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A possible protection from onj if you need a tooth extraction while on Zometa

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]Jim Marshall (not a doctor) said ...

Bisphosphonates are drugs that preserve bones.

They are particularly used in osteoporosis and in cancer treatment.

A small percentage of patients on Bisphosphonates develop a distressing condition of localized death of bone tissue in the jaw called osteonecrosis of the jaw (ONJ).

It more often occurs in the much stronger bisphosphonates which are given intravenously. Tablet bisphosphonates report only between 0-0.04% occurrence.

It is usually associated with recent tooth extraction.

There is currently no known preventative treatment.

This report is of a small test of using plasma rich in growth factor as a preventative.

It seemed to work. However, the small number of cases means that the result may have been an accident, and cannot be relied on. Larger controlled numbers are needed.

Nevertheless, if you are on an intravenous bisphosphonate (Zometa is the most common) for bone metastases, if you have to have a tooth extraction, you may wish to talk to your dental surgeon about possibly using Plasma Rich in Growth Factor (PRGF), even though it is still at the experimental stage.

... end Jim

Tooth extraction in patients on zoledronic acid therapy

Oral Oncol. 2012 Apr 5;[Epub Ahead of Print]

Marco Mozzatiemail, Valentina Arataemail, Giorgia Gallesioemail



Surgical management of patients following zoledronic acid therapy is particularly difficult, since the dental extraction is the main cause of BRONJ.


A case-control study was conducted on 176 patients treated with intravenous (IV) bisphosphonates for oncologic pathologies who also underwent dental extractions. The study was divided randomly into two groups: 91 were treated with Plasma Rich in Growth Factor Plasma (PRGF) (study group) and the other 85 were not treated with the growth factor preparation (control group).


Panoramic X-ray and computed tomography were performed both before and 60months after surgery. By clinical and radiological diagnosis, BRONJ [jm:Bisphosphonate-Related Osteonecrosis of the Jaw]was diagnosed in only 5 patients in the control group at an average of 91, 6 days after tooth extraction.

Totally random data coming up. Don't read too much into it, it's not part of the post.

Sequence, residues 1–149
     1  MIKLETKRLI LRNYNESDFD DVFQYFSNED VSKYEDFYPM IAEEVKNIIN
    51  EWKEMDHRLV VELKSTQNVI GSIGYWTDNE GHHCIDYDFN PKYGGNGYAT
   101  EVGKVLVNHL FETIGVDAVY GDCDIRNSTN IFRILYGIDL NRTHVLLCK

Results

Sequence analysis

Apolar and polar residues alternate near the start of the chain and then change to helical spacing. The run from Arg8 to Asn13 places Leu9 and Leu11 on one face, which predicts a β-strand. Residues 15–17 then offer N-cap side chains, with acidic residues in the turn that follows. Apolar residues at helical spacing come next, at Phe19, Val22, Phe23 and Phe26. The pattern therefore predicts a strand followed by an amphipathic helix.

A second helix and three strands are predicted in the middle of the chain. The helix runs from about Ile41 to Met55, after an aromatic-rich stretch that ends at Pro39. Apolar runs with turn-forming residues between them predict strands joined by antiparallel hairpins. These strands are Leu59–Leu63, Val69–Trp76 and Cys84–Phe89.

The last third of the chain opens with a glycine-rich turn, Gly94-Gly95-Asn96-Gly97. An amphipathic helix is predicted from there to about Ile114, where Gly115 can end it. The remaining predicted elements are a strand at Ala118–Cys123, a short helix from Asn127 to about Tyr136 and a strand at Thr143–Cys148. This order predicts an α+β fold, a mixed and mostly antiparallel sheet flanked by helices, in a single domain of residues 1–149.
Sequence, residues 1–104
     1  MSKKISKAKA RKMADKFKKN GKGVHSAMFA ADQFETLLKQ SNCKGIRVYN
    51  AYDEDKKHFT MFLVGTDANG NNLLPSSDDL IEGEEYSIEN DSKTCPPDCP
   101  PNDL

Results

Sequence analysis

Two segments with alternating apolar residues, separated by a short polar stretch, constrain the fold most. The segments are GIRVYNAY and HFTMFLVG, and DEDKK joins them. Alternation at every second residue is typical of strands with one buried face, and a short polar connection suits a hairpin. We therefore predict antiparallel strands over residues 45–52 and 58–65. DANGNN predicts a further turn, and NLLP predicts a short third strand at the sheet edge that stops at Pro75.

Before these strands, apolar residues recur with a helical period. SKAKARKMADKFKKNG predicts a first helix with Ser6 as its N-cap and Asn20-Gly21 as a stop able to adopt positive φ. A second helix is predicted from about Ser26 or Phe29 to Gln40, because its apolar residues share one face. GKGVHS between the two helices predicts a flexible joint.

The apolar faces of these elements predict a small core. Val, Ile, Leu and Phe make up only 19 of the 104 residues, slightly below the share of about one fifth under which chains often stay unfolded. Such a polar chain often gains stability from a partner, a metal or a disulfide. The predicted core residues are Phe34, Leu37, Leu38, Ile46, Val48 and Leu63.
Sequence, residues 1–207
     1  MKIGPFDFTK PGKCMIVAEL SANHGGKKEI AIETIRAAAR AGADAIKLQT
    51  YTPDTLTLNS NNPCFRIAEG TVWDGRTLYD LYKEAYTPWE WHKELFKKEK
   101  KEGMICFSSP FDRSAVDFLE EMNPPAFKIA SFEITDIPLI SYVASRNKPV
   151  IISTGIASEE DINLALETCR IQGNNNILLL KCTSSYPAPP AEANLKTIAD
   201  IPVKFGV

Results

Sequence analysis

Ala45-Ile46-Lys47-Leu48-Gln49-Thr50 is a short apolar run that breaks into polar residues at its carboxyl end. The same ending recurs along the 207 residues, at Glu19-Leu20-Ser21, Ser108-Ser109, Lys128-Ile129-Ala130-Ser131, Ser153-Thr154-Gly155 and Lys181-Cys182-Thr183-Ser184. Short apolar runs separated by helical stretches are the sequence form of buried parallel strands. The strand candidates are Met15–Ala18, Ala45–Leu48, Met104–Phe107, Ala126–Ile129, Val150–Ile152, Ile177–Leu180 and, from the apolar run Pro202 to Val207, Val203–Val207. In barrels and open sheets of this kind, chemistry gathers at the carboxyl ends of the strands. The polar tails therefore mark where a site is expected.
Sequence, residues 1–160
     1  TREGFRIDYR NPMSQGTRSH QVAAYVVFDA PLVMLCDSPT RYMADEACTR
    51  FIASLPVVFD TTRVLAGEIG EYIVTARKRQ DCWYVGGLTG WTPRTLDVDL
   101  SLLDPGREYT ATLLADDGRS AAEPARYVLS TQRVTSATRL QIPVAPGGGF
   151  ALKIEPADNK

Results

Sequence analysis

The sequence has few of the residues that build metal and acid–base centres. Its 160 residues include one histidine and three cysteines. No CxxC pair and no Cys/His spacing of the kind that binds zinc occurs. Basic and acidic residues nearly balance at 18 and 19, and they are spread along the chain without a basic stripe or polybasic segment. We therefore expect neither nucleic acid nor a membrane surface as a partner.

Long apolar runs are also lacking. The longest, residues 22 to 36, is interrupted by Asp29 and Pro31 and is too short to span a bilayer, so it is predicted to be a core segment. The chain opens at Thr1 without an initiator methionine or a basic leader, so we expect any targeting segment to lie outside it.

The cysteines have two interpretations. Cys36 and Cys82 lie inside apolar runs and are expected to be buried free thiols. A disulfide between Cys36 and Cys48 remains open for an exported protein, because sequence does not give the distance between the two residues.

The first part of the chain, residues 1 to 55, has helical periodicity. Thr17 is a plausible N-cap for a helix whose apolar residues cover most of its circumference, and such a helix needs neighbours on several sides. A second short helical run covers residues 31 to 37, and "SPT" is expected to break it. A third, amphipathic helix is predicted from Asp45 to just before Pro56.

We hypothesize that Plasma Rich in Growth Factor (PRGF) is important for the successful treatment of patients on bisphosphonates to restore the osteoblast/osteoclast homeostatic cycles via autologous cytokines. Moreover, this protocol reduces the risk of BRONJ when it is necessary to perform dental extractions in patients undergoing IV bisphosphonate treatment.

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I had to have three teeth out a few years ago - a year or two after having 3 bisphosphonate infusions.

There was no PRGF available then.

The first decision was it would be done by a specialist dental surgeon rather than by my friendly neighbourhood dentist.

Neighbourhood dentists can be butcher like on extractions whereas specialists minimise the collateral damage.

Next thing was the dentist consulted heavily with my endocrinologist on bone turnover rates etc to confirm necrosis risk was minimised.

Then I had the teeth out and there were no problems.

Obviously if you plan to have bisphosphonate infusions best get your teeth checked and treated first.

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